Music therapy for senior adults helps manage chronic pain to symptoms of Alzheimer’s disease. It is used with elderly persons to increase or maintain their level of physical, mental, and social/emotional functioning. The sensory and intellectual stimulation of music can help maintain a person’s quality of life.
Source: Aging Care American Music Therapy Association, Inc.
“Music gives a soul to the universe, wings to the mind, flight to the imagination, and life to everything.” – Plato
Here are some known benefits of music therapy to senior adults:
Reduce stress and anxiety (this works for the caregiver too)
Sense of self-control (over one’s own life)
Emotional connection with other family members who participate
Management of pain and discomfort
Mood and emotional state
Social activity within the community
Source: Caring Village
How to make music therapy to help a loved one who has Alzheimer’s disease a better experience:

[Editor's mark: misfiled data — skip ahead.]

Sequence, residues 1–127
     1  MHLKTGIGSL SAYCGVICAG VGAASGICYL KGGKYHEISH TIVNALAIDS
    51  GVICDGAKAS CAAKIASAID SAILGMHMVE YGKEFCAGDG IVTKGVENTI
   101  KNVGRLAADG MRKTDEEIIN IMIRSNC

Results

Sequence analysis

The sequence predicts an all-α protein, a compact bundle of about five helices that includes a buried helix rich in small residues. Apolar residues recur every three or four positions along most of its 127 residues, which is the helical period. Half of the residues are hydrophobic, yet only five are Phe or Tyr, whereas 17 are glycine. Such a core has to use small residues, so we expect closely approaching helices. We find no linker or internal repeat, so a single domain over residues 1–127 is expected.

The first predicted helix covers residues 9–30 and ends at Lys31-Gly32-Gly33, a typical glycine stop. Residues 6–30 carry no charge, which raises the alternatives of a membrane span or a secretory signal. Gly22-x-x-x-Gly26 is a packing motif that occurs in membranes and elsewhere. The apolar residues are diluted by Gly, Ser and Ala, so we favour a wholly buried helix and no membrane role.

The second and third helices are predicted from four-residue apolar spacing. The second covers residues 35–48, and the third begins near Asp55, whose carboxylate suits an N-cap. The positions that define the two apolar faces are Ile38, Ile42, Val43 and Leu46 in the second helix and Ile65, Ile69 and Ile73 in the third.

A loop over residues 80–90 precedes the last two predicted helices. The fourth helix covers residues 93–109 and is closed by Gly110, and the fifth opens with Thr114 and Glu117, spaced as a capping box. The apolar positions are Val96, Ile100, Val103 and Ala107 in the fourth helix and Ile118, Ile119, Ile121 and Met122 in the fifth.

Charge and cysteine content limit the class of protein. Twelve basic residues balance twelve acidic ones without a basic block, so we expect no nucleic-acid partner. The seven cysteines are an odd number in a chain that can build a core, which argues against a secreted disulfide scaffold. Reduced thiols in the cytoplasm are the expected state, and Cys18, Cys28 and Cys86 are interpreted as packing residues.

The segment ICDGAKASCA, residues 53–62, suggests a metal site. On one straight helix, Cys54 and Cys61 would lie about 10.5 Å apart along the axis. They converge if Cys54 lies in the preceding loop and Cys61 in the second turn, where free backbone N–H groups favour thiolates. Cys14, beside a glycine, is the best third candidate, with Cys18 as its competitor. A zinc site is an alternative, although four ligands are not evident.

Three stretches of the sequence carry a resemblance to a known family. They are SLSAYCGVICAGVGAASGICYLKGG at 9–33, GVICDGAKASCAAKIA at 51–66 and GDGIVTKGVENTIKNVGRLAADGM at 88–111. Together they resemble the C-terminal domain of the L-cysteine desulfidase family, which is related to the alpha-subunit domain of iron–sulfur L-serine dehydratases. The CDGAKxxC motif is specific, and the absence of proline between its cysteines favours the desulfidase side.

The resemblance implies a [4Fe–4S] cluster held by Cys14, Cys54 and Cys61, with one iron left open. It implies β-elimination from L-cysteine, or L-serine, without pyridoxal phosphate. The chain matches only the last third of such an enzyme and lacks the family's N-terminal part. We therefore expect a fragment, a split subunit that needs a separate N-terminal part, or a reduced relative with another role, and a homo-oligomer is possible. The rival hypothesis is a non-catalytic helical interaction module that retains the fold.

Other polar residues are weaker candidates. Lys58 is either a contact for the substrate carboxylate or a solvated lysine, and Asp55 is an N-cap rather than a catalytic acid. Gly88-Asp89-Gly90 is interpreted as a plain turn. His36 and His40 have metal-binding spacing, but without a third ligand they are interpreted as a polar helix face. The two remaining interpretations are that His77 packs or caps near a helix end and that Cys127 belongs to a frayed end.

Think about their preferences.
Ask them directly or gauge their reactions to a range of music. Involve family and friends by asking them to suggest songs or make playlists.
Set the mood.
Play music or sing a song that’s soothing to calm your loved one. To boost your loved one’s mood or help them get moving, use more upbeat music.
Singing along to music together can boost the mood and enhance your relationship.
Turn off the TV. Shut the door. Opt for music that isn’t interrupted by commercials, which can cause confusion.
Help your loved one to clap along or tap his or her feet to the beat. If possible, consider dancing with your loved one.
Pay attention to your loved one’s response.
If your loved one seems to enjoy particular songs, play them often. If your loved one reacts negatively to a song or type of music, choose something else.
Source: A Place for Mom, Mayo Clinic, and Dementia Care Central
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